The Maritime Union of Australia has today pledged support for International Women’s Day.
Today is about acknowledging the vital role women play in enhancing economic security for their families, communities and countries as a whole while recognising that significant barriers to achieving women's economic security and equality continue to exist.
With just five per cent of the MUA's members currently being women, MUA Women's Liaison Officer Mich-Elle Myers said today is a timely reminder of the benefits of working in a regulated industry with unionised rates of pay.
"We need more women in the industry and we need to find new ways to encourage more women to work in what has traditionally been a male-dominated environment," Myers said.
ACTU President Ged Kearney said: “Whilst many employers do their best to accommodate workers caring needs, many outmoded ideas by industry dinosaurs continue to hurt,”
“Many employers still believe family and work are mutually exclusive which is, frankly, ridiculous,” she said.
“It’s time we said enough is enough to those who discriminate against women because they are pregnant, have small children, disabled children or unwell parents.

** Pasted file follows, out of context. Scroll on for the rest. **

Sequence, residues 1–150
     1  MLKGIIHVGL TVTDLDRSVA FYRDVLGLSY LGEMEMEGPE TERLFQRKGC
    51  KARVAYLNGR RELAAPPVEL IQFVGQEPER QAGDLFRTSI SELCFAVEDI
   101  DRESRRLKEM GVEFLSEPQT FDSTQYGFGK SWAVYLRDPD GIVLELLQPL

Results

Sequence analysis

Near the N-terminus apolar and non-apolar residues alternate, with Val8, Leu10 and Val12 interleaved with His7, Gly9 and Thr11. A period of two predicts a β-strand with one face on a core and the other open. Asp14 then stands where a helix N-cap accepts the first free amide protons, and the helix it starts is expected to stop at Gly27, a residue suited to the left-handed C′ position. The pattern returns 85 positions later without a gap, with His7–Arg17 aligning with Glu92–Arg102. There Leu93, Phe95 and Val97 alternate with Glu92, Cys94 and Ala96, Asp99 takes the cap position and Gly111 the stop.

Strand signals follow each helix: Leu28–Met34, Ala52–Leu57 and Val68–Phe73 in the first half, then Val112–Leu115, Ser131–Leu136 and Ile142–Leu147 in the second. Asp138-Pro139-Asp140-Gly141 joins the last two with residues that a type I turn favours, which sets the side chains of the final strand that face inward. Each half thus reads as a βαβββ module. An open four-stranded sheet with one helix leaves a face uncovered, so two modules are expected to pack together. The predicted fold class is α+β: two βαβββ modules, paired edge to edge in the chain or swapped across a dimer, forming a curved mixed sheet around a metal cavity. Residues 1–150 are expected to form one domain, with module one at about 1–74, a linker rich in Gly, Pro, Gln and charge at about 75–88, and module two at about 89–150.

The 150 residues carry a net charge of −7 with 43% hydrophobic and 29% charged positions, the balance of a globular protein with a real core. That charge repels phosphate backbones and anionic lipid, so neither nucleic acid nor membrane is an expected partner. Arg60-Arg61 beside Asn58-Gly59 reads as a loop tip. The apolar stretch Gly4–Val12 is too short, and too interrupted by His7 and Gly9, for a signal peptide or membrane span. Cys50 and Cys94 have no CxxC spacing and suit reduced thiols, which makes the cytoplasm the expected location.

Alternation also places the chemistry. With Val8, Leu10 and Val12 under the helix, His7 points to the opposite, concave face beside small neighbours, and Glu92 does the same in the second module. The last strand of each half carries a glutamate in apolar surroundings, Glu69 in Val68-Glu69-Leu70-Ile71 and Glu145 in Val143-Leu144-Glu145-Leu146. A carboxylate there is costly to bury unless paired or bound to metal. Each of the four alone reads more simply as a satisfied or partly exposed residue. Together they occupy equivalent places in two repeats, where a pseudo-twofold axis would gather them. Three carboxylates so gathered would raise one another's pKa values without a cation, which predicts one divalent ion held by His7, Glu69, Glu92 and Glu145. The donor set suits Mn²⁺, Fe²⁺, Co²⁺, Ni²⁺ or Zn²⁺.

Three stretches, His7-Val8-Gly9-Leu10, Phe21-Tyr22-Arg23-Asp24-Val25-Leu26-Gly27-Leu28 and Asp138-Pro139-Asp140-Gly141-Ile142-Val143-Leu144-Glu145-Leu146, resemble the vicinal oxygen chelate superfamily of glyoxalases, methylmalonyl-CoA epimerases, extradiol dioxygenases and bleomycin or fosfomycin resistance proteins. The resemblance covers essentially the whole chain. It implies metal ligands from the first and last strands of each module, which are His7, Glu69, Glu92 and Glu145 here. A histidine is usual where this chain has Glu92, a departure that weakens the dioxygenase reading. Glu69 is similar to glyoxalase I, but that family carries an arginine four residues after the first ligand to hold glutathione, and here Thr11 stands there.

"It’s in the employer’s interest to evolve,
“Employers are missing out on a lot of talented workers when they don't attempt to accommodate those employees who have to carry, sometimes alone, the responsibilities of caring,” she said.
“I’m talking about, for example, a woman with young kids who needs to leave work early or a man who wants to take time off to care for an elderly parent and an employer "letting them go" because they consider their lives too ‘complicated’.
“These ideas are barriers that discriminate against workers, forcing those with caring responsibilities, mostly women, into insecure jobs with less protections and career opportunities.”
Unions call on employers to open their minds to different working hours and conditions that allow women time to care, whilst keeping secure, productive jobs and careers.